‘Night At The Museum’ monkey visits Palm Beach fundraiser

By Staci Sturrock – Palm Beach Post Staff Writer

January 31, 2015

“Who wants the monkey?”

That’s the question of the day in the packed lobby of Palm Beach’sChesterfield Hotel, and the answer is almost always the same: “Me!”

Everyone wants the monkey.

And why wouldn’t they? Crystal the capuchin has arrived at this fundraiser —an afternoon tea benefiting theAmerican Humane Association — looking more fetching and feminine than usual.

Dressed in a flouncy, full-skirted dress and a strand of pearls, the monkey best known for playing Dexter in the “Night at the Museum” movie series perches delicately on the shoulders of animal lovers who’ve paid $150 to meet her.

With a cue from trainer Tom Gunderson, who’s guided her through a lengthy acting career that’s included appearances in more than 20 feature films (“The Hangover, Part II,” “The Zookeeper,” “We Bought a Zoo”), 30-plus TV shows, commercials, music videos and photo shoots, Crystal smiles, raises her arm and effortlessly charms her fellow primates.

Someone asks Gunderson if the little monkey can dress herself and change her own diaper.

No, he says. “If I could train her to change her own diaper, then I’d really be styling.”

Crystal isn’t the only animal star in the room. She’s sharing the spotlight with Hudson the Golden Retriever, who in 2012 played Mitt Romney’s dog on “Saturday Night Live.”

The 6-year-old, 70-pound pooch doesn’t miss a trick. As he strolls through the packed lobby, tongue out and tail wagging, his head swivels and his eyes dart around the room.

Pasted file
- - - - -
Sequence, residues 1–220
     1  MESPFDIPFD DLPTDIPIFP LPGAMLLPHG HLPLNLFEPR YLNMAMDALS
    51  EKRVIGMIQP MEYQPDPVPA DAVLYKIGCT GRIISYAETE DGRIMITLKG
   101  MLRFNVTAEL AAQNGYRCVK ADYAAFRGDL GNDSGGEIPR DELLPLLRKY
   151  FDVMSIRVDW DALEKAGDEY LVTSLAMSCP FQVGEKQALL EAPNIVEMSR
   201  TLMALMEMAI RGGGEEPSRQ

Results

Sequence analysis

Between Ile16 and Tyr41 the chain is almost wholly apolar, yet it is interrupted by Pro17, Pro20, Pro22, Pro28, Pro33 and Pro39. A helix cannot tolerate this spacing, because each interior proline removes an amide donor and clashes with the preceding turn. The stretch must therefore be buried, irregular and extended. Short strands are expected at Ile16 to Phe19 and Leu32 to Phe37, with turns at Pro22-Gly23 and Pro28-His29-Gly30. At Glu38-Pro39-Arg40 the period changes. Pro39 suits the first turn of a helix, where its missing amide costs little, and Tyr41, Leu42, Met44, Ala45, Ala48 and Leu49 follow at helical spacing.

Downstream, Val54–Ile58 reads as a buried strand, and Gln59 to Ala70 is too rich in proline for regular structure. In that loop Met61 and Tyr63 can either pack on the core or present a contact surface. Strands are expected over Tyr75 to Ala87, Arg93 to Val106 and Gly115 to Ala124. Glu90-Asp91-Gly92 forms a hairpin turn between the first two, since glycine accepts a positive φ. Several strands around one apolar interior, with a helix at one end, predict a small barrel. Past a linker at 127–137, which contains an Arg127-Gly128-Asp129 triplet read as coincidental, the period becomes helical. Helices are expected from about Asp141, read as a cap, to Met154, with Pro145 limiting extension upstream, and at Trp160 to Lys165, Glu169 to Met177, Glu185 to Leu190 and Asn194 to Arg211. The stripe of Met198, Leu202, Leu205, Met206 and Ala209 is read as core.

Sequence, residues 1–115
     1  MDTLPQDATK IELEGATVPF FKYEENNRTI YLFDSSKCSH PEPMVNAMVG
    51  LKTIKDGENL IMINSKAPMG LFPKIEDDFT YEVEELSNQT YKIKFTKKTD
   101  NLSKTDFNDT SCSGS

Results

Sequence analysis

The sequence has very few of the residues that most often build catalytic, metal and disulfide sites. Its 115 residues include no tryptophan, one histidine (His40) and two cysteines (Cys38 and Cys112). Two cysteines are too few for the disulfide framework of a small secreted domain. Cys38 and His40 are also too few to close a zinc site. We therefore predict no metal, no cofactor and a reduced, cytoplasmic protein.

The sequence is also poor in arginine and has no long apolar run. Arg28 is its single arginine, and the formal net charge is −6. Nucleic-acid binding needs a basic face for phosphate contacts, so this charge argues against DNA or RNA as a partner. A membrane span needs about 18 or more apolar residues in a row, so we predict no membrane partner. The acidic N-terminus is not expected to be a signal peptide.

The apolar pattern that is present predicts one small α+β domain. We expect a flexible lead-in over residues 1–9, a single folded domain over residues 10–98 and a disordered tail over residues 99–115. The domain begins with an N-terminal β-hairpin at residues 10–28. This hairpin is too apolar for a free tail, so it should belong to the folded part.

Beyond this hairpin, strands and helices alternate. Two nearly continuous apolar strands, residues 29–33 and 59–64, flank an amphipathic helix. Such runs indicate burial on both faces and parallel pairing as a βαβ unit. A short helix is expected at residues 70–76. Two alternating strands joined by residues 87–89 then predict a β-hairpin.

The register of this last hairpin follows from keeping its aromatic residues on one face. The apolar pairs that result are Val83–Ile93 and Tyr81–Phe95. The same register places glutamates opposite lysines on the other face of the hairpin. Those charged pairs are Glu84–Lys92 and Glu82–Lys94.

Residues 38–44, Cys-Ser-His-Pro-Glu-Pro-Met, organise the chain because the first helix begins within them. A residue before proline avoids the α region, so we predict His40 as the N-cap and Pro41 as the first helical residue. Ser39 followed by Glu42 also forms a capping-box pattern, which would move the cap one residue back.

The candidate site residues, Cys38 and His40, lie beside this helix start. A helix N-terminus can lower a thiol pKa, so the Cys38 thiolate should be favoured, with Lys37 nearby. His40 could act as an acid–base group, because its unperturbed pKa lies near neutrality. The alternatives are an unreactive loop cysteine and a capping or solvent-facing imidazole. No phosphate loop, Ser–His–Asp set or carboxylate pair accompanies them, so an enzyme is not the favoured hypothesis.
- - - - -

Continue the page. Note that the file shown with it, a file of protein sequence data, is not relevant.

“He is so sharp,” says co-trainer Taylor Potter. “He knows when he’s working, but he also loves to be a dog. He has his moments, just like a kid.”

The tea, which took place earlier this month, was the final stop on a 12-city national tour celebrating the release of “Animal Stars: Behind the Scenes With Your Favorite Animal Actors,” written by American Humane’s CEO Robin Ganzert with Allen and Linda Anderson.

This year marks the 75th anniversary of the humane association’s on-set monitoring of animal actors. (They’re the group responsible for the “No Animals Were Harmed” disclaimer that appears in a movie’s end credits.)

In 2014, the nonprofit’s certified animal-safety representatives and veterinarians were on sets worldwide for a total of 4,000 days of production. “But we would like to be on reality TV sets,” Ganzert says. “We’re not there, which makes me nervous for those animals.”

Delray Beach’s Lois Pope, through her Life Foundation, organized the sold-out event.

“Animal stars like Crystal and Hudson bring such happiness to all who meet them,” Pope said. “Just like human celebrities, animal stars bring attention to a cause. There are so many helpless, abused and neglected animals in this world, the more supporters we can bring to our cause, the more we do to save and protect them.”

After greeting guests, Crystal seemed to enjoy sitting at a table in the Leopard Lounge and nibbling on sandwiches.

It wasn’t the first time Pope and the capuchin had met.

“It was more like a reunion between dear friends,” Pope said. “My only regret is that she wears pink and pearls so much better than I do.”